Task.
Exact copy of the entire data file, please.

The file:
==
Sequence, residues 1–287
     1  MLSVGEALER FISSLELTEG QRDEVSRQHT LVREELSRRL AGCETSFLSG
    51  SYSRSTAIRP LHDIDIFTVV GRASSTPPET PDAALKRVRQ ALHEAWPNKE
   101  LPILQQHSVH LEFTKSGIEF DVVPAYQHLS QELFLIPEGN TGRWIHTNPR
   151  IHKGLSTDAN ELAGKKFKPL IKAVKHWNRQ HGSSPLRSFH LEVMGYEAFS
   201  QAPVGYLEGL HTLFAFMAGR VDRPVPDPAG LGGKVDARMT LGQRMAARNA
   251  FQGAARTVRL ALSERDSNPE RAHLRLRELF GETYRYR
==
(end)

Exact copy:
Sequence, residues 1–287
     1  MLSVGEALER FISSLELTEG QRDEVSRQHT LVREELSRRL AGCETSFLSG
    51  SYSRSTAIRP LHDIDIFTVV GRASSTPPET PDAALKRVRQ ALHEAWPNKE
   101  LPILQQHSVH LEFTKSGIEF DVVPAYQHLS QELFLIPEGN TGRWIHTNPR
   151  IHKGLSTDAN ELAGKKFKPL IKAVKHWNRQ HGSSPLRSFH LEVMGYEAFS
   201  QAPVGYLEGL HTLFAFMAGR VDRPVPDPAG LGGKVDARMT LGQRMAARNA
   251  FQGAARTVRL ALSERDSNPE RAHLRLRELF GETYRYR